How much would it cost to end the worst gender inequalities?
A new UN report summarises the Nairobi Summit on ICPD25, a key international conference held in November 2019 which aimed to boost global progress on women’s rights and sexual and reproductive health. One key outcome of the meeting was its revelation that ending maternal deaths, gender-based violence and unmet family planning needs is affordable and within reach, but desperately needs more funding.
Twenty-five years ago, at the landmark 1994 International Conference on Population and Development (ICPD) in Cairo, world leaders committed to achieving universal access to sexual and reproductive health for women and girls. Unfortunately, progress has stagnated over the years, and the proportion of women using modern contraception methods has increased by only 6% to 58% today. Still more than 800 women die every day from pregnancy-related causes, almost half of all pregnancies are unintended, and more than 230 million women in developing countries who wish to avoid pregnancy don’t have safe contraceptives.
More than 8,000 people from 163 UN Member States, including two Population Matters delegates, participated in the event co-convened by UNFPA and the Governments of Kenya and Denmark. The Summit was particularly significant as it was the first major international meeting heralding the United Nations Decade of Action to deliver on the Sustainable Development Goals (SDGs).
Despite its title's reference to population and development, the Summit predictably but disappointingly didn't address the overarching population context. Discussions of the benefits of reducing population growth as a result of empowerment and family planning were almost entirely absent, even though the greatest beneficiaries would often be the vulnerable communities it focussed on.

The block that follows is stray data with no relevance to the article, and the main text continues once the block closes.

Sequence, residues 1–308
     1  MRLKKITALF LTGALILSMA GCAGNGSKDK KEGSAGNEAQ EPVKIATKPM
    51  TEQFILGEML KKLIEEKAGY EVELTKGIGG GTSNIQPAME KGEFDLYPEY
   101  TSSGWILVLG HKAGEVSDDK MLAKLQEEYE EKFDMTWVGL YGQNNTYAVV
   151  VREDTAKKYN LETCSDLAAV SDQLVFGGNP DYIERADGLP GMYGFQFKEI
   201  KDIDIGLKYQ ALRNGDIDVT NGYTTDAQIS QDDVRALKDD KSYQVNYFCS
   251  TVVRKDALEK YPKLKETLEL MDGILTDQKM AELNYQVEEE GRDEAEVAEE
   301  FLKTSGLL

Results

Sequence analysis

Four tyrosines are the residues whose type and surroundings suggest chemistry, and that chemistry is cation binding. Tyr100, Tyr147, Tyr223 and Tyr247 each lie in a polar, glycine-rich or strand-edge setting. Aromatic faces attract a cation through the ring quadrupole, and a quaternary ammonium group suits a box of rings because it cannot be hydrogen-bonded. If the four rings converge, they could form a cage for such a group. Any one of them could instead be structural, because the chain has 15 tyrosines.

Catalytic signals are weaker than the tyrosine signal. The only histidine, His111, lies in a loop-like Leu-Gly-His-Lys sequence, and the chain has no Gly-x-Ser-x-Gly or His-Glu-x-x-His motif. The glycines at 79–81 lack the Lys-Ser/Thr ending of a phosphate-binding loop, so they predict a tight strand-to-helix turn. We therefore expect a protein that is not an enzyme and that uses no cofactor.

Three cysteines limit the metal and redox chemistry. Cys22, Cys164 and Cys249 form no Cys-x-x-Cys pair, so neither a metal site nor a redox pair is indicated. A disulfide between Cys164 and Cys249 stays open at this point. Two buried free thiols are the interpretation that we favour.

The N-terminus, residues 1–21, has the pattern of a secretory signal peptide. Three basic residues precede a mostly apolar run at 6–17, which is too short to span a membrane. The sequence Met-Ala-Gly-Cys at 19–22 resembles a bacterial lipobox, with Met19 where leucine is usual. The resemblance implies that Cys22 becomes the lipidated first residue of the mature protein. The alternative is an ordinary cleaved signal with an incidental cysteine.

Despite this omission, the Summit represented a very positive affirmation on a global stage that empowering women and girls is key to achieving a healthy planet and a good quality of life for all:
“Strengthening our societies, growing our economies and combating climate change all depend on women and girls taking control over their bodies, their choices and their futures.” – Dr Natalia Kanem, UNFPA Executive Director
The three zeros
The meeting had three key objectives: to obtain political reaffirmation of the ICPD Programme of Action within the context of the SDGs (due to be met by 2030), to build political and financial momentum to fulfil Cairo’s unfulfilled promises, and to reinvigorate and expand the community of people necessary to push forward the ICPD agenda. It remains to be seen how effective the Nairobi Summit was at meeting these objectives. The 12 global commitments resulting from the event include three priority areas, nicknamed the “three zeros”: zero gender-based violence and harmful practices, zero preventable maternal mortality, and zero unmet need for modern family planning by 2030. The total estimated cost of achieving these is USD $264 billion – less than a sixth of annual global military spending – yet the funding gap between what is needed and what has been promised remains huge at $222 billion.
Governments, the private sector and civil society must urgently mobilise to prioritise the advancement of the rights of women and girls. Without strong action over the next decade, the human and environmental cost will be far greater.